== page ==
Our Madiba


Launch of Our Madiba: Stories and reflections from those who met Nelson Mandela compiled by Melanie Verwoerd, Brudyn Gonsalves Gallery, 16 July 2014


It's a humble looking book. A picture of Nelson Mandela looks baldly from the black and white cover. The cover art by artist Paul Emsley actually on display, and in the Brudyn Gonsalves Gallery, to mingle under the magnificent gaze of the portrait in pencil, the gathered guests come to celebrate more than the book: the life of our Madiba. And what better way to celebrate, than with cupcakes, coffee and wine, for his birthday, and this tribute compiled by esteemed activist Melanie Verwoerd.

It is truly a labour of love, not so much in effort, but in feeling. With over 140 accounts of personal encounters with the man whose person is enough to unite a country, the book surely boasts the most thorough epitaph for our beloved Tata Madiba. Contributors range from popular satirical cartoonist Zapiro, to the honorary guest of the evening, Archbishop Desmond Tutu. Arranged under headings such as “Warmth”, “Not Taking Himself Too Seriously”, “Forgiveness”, “Courage”, and “Sense of Humour”, the book reads like an encounter with a friend, a transcribed conversation of loving anecdotes told after a memorial service. As captured by Shaun Johnson in the introduction,

In Dublin years ago I was given a funny book called Everyone's got a Bono story. I immediately thought that back home in South Africa there should be one called Everyone's got a Madiba story, so widely and affectingly did he touch everyone – great or humble – with whom he came into contact. (p. 40)

Speaking on the birth of this book, Verwoerd shares how meeting Nelson Mandela changed the course of her life irrevocably. Former director of UNICEF Ireland, and youngest woman to be elected to parliament for the ANC, her tales are certainly worth attention. However, after the publishing of her memoir, she was approached by many more people coming forward with their stories of Madiba. The result is this beautiful book, which belongs, she says, as much to her as it does to its contributors, quite a few of whom were in attendance. Before handing over to “the Arch”, there was a song by talented young singer, discovered at age 14 by Tata Madiba. It seems there is no one that his life has not touched.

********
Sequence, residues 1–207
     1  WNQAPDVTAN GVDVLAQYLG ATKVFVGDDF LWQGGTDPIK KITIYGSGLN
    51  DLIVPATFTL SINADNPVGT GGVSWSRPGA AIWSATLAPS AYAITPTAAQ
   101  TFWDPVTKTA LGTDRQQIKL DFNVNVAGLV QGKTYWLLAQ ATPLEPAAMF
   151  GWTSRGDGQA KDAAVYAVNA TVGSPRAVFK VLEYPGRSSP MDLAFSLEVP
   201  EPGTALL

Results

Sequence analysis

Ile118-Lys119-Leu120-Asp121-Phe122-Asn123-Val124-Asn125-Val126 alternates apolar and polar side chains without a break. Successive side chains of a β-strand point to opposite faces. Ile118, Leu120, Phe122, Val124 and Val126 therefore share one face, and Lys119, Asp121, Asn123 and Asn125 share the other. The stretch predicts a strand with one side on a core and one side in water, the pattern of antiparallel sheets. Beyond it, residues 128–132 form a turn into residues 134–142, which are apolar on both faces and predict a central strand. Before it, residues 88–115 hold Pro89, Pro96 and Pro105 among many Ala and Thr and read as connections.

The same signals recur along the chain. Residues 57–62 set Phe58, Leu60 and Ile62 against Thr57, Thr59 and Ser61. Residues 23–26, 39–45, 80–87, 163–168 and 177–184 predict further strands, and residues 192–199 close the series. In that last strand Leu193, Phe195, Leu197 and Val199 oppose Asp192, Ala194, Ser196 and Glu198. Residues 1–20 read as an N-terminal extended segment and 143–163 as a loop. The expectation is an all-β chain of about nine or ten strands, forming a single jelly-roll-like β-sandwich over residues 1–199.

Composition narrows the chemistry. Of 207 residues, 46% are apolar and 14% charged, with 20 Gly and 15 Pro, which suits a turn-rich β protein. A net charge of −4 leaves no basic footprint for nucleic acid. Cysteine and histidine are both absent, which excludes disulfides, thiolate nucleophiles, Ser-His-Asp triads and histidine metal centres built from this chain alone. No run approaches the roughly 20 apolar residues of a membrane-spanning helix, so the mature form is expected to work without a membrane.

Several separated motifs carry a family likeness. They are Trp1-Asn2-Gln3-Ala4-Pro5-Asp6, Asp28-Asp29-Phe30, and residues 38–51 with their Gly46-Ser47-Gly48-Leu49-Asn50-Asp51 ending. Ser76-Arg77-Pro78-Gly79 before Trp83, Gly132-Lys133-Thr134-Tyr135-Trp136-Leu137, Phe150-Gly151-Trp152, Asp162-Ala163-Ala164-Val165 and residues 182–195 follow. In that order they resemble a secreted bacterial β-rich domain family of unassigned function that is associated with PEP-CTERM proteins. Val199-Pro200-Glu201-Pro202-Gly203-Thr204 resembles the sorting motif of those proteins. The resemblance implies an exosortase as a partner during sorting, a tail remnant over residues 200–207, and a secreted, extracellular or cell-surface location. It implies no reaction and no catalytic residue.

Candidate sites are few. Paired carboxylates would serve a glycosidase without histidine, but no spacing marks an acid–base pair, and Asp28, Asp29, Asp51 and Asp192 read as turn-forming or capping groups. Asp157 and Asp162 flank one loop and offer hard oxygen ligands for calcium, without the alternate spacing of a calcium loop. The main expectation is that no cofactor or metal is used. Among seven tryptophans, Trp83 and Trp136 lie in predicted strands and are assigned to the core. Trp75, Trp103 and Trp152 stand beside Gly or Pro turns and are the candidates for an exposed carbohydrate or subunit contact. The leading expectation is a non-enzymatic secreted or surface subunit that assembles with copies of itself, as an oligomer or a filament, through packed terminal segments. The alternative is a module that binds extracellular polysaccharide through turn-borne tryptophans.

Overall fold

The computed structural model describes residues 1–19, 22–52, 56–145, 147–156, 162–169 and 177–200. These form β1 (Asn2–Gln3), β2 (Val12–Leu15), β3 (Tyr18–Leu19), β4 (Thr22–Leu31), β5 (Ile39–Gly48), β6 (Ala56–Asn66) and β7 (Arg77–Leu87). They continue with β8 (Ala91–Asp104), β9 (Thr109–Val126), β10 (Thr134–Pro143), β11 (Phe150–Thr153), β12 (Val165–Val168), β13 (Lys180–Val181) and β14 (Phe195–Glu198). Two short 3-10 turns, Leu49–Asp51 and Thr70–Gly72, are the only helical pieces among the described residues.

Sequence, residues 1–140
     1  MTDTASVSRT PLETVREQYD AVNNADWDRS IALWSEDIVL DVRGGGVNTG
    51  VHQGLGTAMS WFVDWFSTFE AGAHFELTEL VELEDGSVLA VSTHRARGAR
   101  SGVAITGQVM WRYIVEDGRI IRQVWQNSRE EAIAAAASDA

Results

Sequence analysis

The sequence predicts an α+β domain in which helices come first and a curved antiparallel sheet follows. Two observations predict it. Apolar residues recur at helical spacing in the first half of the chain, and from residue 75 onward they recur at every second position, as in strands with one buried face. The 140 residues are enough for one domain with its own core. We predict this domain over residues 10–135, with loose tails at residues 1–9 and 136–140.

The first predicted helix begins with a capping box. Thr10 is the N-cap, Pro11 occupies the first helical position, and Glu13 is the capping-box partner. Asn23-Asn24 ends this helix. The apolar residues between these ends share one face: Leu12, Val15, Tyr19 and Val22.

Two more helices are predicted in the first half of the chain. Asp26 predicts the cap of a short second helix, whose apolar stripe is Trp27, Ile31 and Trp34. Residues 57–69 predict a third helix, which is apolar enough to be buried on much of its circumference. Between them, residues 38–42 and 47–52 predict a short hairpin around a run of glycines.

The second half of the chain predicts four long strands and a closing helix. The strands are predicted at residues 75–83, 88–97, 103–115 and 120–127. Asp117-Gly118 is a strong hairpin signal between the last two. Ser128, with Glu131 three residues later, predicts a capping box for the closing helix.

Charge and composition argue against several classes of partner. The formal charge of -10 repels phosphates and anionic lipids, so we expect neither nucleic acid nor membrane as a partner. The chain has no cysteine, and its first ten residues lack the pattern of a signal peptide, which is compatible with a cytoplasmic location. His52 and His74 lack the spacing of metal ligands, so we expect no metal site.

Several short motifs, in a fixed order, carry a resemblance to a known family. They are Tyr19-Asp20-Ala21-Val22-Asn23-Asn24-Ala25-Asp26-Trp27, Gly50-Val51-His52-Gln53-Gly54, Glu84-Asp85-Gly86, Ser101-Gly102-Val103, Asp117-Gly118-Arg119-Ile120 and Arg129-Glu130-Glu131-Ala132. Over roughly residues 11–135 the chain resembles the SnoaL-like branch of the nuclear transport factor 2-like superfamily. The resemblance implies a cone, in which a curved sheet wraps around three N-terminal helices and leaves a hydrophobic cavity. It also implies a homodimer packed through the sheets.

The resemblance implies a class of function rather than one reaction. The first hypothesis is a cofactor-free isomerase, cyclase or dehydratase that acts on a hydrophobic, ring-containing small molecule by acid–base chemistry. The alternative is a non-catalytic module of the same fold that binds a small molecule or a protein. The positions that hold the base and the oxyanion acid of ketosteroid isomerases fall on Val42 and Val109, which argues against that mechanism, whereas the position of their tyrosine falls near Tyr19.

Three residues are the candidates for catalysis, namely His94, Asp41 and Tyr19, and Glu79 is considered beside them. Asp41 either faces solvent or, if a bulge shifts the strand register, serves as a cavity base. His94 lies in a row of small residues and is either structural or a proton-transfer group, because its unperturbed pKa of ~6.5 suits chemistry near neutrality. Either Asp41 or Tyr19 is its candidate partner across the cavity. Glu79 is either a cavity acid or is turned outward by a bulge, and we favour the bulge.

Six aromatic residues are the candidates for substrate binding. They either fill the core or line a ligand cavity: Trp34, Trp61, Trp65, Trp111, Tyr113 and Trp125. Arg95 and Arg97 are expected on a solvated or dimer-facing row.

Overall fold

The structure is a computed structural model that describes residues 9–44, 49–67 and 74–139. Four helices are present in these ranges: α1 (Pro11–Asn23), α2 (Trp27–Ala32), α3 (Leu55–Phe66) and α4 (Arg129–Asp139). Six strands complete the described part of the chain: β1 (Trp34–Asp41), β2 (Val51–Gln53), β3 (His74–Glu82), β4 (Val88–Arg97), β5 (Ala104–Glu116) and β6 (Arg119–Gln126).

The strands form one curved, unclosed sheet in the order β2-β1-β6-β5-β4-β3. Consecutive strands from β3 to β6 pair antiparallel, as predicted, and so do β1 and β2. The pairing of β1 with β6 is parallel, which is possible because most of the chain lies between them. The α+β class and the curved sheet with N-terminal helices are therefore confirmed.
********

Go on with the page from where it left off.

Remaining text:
The address by the Archbishop certainly charmed the audience who were very ready to laugh at his jokes (and even more at his utterly infectious chuckle) and nod at the nuggets of wisdom that he frequently let fall. He spoke generally on how extraordinary South Africa, as a country, was, that it could have produced such great people or done what we have done, remembering specifically at this time “minute little” Nadine Gordimer. “Only we,” he says emphatically, “could really have shown the world that it is possible for enemies to become friends.”

To finish the evening, Verwoerd thanks the contributors both to the book's compilation and publication, and to the event. She also extends a request, as part of a worldwide Mandela Day programme, to donate books on Nelson Mandela to local libraries. After the hasty exit of the Archbishop, the remaining books are taken around to the various contributors for signings, each person with at least one – if not two copies – of the precious tome tucked under the arm, and the counter which at the opening of the evening had held two pyramids of books, now stands emptied.

Of the book, as Archbishop Desmond Tutu sums up so eloquently: “This is a fantastic anthology of ordinary people... But here are no ordinary people. Madiba helped us realise that we are each one of us special... That was what Madiba had the capacity to draw out of us.” What is more, from all the accounts shared throughout the evening, one gets the sense of our Mandela, held up as a timeless legend even while he was still among us, as a personable someone, not who “belongs” to us, but as someone whom we knew, who sat in our living rooms, invited us in for lunch, whose knee we sat on as children. If nothing else, this book shows how close he was to our hearts.

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